To this point, U.S. District Judge James Redden has consistently made lousy decisions as he rendered judgments regarding the federal government's effort to balance wild salmon survival with generating power from the dams on the Columbia River. Redden has rejected three different federal plans largely because taking down the dams was not a viable option.
But last week the judge finally made a good call -- he asked this case be reassigned to another judge.
Redden should have stepped aside years ago. It's been clear Redden has been fixated on dam breaching at the expense of common sense.
While the federal government's plans have not been perfect, they all seemed to be reasonable as they considered science, economics and reality. The fact is breaching the dams would be a disaster for humans without ensuring salmon survival.
A decade ago the U.S. Army Corps of Engineers issued a study on breaching the Snake River dams. The Corps considered a variety of factors and ultimately concluded that dam breaching would do more harm than good. The Corps said dam breaching would increase the chances of salmon restoration only slightly -- if at all -- while taking a huge toll on the economy of the region.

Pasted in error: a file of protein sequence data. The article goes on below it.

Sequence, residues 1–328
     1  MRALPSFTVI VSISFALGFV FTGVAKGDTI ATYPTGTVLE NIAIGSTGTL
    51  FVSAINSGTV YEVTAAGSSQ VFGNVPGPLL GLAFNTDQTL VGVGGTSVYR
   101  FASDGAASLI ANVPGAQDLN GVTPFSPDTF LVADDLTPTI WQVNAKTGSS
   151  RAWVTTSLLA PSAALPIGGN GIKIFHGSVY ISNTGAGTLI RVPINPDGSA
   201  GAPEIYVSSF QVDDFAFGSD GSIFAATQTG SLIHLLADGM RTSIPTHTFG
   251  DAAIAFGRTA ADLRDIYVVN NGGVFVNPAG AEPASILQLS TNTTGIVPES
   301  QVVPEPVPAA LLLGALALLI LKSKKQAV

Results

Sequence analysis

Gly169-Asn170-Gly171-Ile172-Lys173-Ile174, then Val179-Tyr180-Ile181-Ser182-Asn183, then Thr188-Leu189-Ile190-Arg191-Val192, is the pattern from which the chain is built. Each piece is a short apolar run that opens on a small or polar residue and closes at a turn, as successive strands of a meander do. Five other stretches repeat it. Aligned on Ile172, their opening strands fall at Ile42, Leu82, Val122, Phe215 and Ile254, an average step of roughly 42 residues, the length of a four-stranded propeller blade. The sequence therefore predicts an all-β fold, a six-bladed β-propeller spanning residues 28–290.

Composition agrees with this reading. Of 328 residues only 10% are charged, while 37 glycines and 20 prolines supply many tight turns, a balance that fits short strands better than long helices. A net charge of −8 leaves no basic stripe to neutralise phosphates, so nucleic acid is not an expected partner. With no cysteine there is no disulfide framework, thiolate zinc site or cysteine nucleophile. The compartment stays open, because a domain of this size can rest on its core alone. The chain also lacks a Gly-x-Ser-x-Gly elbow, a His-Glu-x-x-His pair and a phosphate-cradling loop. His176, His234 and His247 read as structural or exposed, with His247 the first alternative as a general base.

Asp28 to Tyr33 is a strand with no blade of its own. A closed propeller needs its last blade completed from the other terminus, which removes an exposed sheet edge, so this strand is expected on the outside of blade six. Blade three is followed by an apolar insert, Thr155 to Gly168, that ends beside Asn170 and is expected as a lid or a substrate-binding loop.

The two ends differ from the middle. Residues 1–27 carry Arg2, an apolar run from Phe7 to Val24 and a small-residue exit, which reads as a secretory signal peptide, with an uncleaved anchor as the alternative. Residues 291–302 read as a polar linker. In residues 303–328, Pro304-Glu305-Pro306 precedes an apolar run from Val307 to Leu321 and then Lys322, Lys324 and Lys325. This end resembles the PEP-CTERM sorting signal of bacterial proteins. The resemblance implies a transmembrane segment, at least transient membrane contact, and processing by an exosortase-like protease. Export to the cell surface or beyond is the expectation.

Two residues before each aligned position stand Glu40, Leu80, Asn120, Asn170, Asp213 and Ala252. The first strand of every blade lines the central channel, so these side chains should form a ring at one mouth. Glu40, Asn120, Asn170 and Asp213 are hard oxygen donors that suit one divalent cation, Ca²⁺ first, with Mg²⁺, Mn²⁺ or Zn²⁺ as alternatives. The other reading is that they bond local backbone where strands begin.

Power rates would increase and so would pollution as hydropower -- a clean, renewable energy source -- would have to be replaced with power plants, many of them fueled by coal or natural gas.
Eastern Washington would be hit particularly hard as the loss of dams would cause flooding, put more trucks on the road as grain and other commodities could not be barged to market, and eliminate irrigation to many farms.
And given the current situation in this country -- and the world -- Congress is not going to allow this to occur. Dam breaching, even if salmon survival could be guaranteed, is an option that is off the table.
Redden should have been focusing on reasonable, realistic solutions rather than pushing his fringe views.
It was announced this week that the salmon case has been assigned to District Judge Michael Simon, who was confirmed to the bench in June by the U.S. Senate.
We hope Simon takes a more pragmatic view than Redden so a reasonable and effective salmon recovery plan can move forward.